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Old 15-06-2010, 22:41   #31
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Originally Posted by roverhi View Post
Most plastics will break down with exposure to UV. The problem is they may not break down into their core elements/compounds but remain for a long long long time as small pellets. Because of the ocean currents and weather patterns these decomposed/decomposing plastics are being concentrated in specific areas. That may or may not be a big problem. It certainly is something we need to do something about.

Yes, third world countries love to trash their environment. They embrace all the benefits of an improved economy but don't change their social ways quickly. Old habits persist. Still, probably most of the plastic in the oceans come from developed countries simply because of the overwhelming amount of plastic in our societies.
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Old 15-06-2010, 23:02   #32
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What a crazy picture MarkJ!! When I see stuff like that, it just enrages me!! I keep thinking that I better get my yacht quick before the entire planet becomes a variant of your picture!!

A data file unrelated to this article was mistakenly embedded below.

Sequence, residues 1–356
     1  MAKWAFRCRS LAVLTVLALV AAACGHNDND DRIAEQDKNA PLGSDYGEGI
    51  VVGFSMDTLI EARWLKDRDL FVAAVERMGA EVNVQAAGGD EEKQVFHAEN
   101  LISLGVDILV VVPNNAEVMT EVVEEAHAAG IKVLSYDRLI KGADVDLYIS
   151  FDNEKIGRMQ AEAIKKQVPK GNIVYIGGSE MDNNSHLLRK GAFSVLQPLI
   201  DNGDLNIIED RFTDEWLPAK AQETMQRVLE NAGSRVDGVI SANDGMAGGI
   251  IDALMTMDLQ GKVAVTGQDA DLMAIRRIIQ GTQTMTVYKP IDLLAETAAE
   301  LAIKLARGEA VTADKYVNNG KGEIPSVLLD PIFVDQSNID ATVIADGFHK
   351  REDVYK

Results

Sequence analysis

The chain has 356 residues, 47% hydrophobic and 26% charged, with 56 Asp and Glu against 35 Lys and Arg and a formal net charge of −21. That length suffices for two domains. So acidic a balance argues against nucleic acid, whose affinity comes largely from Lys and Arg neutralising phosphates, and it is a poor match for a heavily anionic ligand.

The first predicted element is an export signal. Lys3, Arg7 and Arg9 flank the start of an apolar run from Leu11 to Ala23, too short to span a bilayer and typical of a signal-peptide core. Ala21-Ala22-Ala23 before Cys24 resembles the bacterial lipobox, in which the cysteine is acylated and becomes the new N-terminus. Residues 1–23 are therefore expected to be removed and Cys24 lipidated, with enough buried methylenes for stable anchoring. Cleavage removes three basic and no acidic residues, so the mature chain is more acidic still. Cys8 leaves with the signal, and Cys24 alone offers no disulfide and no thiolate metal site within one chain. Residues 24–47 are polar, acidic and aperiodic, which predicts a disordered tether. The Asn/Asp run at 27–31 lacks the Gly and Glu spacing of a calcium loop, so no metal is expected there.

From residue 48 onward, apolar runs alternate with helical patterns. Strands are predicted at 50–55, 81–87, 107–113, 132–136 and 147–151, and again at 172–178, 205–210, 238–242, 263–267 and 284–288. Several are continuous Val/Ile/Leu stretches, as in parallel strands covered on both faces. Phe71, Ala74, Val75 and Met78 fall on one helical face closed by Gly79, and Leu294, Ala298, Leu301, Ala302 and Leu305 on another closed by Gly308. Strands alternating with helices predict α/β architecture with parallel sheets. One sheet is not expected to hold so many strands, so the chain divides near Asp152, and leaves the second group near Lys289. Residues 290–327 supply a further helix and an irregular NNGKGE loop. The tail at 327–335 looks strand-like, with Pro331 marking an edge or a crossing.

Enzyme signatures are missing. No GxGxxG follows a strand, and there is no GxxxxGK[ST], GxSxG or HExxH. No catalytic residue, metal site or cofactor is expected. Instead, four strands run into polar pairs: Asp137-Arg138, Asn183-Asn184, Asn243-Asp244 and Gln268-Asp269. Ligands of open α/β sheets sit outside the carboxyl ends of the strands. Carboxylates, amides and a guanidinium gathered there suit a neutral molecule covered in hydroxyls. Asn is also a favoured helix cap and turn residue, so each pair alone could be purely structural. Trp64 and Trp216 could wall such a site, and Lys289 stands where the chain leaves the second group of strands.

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Old 16-06-2010, 01:24   #33
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That coming from a national of one of the world's top polluting countries is a bit rich..!

You have absolutely no data to back up your ludicrous claim that less educated people are somehow less interested in the environment or have higher "random plastic disposal rates", in fact, having lived in the less developed world for most of my life, I would consider this nothing but a pretty offensive slur.

Do consider that the poorest inhabitants of this planet live on subsistence agriculture and will have very little contact with supermarket shopping bags, shrink-wrapped apples and plastic bottled water, or mountains of plastic toys for their kids that are discarded every 2 weeks.

Rest assured that most of the plastic floating in the oceans today is "our" plastic (although I happen to come from a country that does practise extensive recycling of plastics nowadays).

Even leaving aside the fact that most third world inhabitants cause a fraction of the planetary destruction we so casually inflict, you can be absolutely certain that the clean appearance of beaches in industrial countries are due to a permanent, clean up effort.

As you appear to be travelling the med, bear in mind its got a water turnover cycle of 100+ years, so the water hasn't really been replaced by oceanic water since the beginning of the industrial (and plastics) revolution. As you get to the EU-part of the med, you will most certainly see the tractor-driven systems I've seen in use all over..